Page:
Editorial: We can't move on

Today is the 278th day of the year. Subtract 13 from that number. That’s the number of mass shootings in the United States so far in 2015. 265 mass shootings in the United States in 278 days. Forty-five of which have been school shootings.

This editorial is redundant. It’s redundant because it could be written any week this year.

Last Thursday nine students were killed at the hands of yet another gunman at a school, and like after almost every school shooting, Facebook newsfeeds filled up with posts of remorse and articles trying to explain or justify the tragedy.

Arguments heated up in the comments sections of blog posts over gun control and mental health care.

These conversations need to happen, but as they stand now, they’re clearly not working.

It’s clear that they’re not working because in a week we’ll go back to posting about cats and TV shows until the next tragedy.

But families at the 45 schools where there have been shootings since the beginning of 2015 don’t have this luxury.

Life will never return to the simplicity of before whatever incident occurred.

The emotional effect of a weapon discharging in what should be as safe as home is scarring for students and their families alike.

So, instead of making a tired point about gun control and mental health care, we encourage you to remember the burden that students and families of the following 45 schools face every day. In a week we might be able to forget about their pain, but their consciousness will never go back to normal.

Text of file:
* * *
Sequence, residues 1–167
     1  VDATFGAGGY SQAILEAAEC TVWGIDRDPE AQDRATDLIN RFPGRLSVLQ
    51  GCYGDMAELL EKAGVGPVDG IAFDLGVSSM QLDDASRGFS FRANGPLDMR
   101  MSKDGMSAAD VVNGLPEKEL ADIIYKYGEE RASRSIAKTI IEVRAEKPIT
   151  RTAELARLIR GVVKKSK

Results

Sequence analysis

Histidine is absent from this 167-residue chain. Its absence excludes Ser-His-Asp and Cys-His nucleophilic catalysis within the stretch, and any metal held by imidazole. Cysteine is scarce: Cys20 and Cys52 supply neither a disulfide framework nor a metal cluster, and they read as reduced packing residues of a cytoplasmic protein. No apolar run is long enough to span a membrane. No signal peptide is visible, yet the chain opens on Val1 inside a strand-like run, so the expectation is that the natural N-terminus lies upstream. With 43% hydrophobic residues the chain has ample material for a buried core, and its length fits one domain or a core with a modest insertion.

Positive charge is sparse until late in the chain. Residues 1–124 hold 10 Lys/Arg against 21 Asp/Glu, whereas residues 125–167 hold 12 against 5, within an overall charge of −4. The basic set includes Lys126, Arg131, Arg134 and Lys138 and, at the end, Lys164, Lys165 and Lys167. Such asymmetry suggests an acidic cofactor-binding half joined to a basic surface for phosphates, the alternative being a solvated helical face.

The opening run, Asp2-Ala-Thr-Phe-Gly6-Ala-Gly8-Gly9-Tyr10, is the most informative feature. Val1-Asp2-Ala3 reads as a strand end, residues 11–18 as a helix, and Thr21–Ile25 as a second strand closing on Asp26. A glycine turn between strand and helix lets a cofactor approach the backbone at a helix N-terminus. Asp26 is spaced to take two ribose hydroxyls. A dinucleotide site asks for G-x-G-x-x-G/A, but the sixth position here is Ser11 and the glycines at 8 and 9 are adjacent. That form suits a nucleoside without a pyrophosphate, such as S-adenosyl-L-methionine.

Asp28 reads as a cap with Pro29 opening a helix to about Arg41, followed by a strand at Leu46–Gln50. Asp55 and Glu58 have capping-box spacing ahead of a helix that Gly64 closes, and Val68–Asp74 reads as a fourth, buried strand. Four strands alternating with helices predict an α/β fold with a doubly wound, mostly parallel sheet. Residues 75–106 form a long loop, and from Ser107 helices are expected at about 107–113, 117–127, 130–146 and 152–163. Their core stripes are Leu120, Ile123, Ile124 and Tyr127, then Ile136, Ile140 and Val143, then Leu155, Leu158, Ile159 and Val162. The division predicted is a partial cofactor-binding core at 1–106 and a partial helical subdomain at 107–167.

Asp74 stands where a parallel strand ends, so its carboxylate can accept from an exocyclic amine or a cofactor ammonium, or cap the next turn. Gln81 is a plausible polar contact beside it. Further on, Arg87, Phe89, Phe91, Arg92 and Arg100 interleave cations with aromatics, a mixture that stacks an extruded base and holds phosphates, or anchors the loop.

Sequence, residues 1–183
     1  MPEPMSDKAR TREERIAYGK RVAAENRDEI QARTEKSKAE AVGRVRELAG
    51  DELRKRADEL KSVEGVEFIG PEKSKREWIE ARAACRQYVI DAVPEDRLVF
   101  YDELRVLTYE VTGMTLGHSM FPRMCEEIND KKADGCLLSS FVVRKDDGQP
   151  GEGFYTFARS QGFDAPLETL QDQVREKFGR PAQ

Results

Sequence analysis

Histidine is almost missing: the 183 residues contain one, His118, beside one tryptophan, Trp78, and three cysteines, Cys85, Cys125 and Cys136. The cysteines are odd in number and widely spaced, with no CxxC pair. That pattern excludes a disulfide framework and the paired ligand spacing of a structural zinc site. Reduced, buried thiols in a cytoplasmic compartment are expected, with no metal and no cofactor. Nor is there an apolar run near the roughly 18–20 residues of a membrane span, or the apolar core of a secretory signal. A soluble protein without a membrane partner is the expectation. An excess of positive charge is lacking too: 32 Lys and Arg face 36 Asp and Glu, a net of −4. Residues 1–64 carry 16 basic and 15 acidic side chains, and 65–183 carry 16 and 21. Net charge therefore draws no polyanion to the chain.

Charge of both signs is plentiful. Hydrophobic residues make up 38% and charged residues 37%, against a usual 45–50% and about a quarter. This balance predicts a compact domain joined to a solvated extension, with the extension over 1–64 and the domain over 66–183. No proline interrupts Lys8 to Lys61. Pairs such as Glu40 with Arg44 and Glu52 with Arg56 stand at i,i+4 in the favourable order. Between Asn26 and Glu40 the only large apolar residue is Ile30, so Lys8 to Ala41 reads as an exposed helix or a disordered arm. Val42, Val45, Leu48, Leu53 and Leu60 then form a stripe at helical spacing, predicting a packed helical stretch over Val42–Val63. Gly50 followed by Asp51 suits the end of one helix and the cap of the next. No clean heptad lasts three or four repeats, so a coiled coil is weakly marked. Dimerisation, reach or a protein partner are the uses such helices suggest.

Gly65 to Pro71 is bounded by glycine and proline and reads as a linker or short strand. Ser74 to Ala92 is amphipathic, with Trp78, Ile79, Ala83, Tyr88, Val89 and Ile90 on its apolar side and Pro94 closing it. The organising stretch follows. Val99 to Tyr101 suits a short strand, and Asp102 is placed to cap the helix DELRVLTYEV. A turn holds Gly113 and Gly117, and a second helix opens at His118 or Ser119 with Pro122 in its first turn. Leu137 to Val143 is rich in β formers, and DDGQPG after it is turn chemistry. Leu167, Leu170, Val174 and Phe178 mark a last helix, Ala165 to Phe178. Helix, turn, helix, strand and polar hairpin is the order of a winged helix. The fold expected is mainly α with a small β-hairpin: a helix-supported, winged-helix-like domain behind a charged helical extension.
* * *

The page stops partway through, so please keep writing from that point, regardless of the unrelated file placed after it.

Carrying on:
Wisconsin Lutheran High School, Milwaukee, Wisconsin

Vanguard High School, Ocala, Florida

Williamson High School, Mobile, Alabama

Royal Live Oaks Academy, Hardeeville, South Carolina

Hand in Hand Christian Montessori School, Roseville, Minnesota

Minnesota State University, Mankato, Minnesota

Frederick High School, Frederick, Maryland

University of South Carolina, Columbia, South Carolina

University of Georgia, Athens, Georgia

Lawson Elementary School, Little Rock, Arkansas

Tenaya Middle School, Merced, California

Bethune-Cookman University, Daytona Beach, Florida

Northwest Passage Alternative High School, Coon Rapids, Minnesota

American International College, Springfield, Massachusetts

Community College of Beaver County, Beaver Falls, Pennsylvania

Lane College, Jackson, Tennessee

Everett Community College, Everett, Washington

Wayne Community College, Goldsboro, North Carolina

Seguin High School, Seguin, Texas

Johnson C. Smith University, Charlotte, North Carolina

Ruthe Deskin Elementary School, Las Vegas, Nevada

North Thurston High School, Lacey, Washington

Willow Elementary School, Cleveland, Ohio

Conyers Middle School, Conyers, Georgia

Corona del Sol High School, Tempe, Arizona

Robinson High School, Robinson, Texa

Flint Southwestern Classical Academy, Flint, Michigan

Everglades City School, Everglades City, Florida

South Macon Elementary School, Franklin, North Carolina

Fort Calhoun Elementary School, Fort Calhoun, Nebraska

Coppell Middle School East, Dallas, Texas

Elolf Elementary School, Converse, Texas

University of Florida – Gainesville, Gainesville, Florida

Wichita State University, Wichita, Kansas

Paradise High School, Paradise, Texas

William Velasquez Elementary, Richmond, Texas

Hornsby Elementary School, Augusta, Georgia

Savannah State University, Savannah, Georgia

Sacramento City College, Sacramento, California

Northside High School, Lafayette, Louisiana

Delta State University, Cleveland, Mississippi

Central Elementary School, Statesville, North Carolina

Montana Tech of the University of Montana, Butte, Montana

Harrisburg High School, Harrisburg, South Dakota

Umpqua Community College, Roseburg, Oregon

These are incidents in which a gun was discharged on school grounds, including after hours and self-inflicted gunshots. These do not include instances in which a gun was brought on school grounds but not discharged.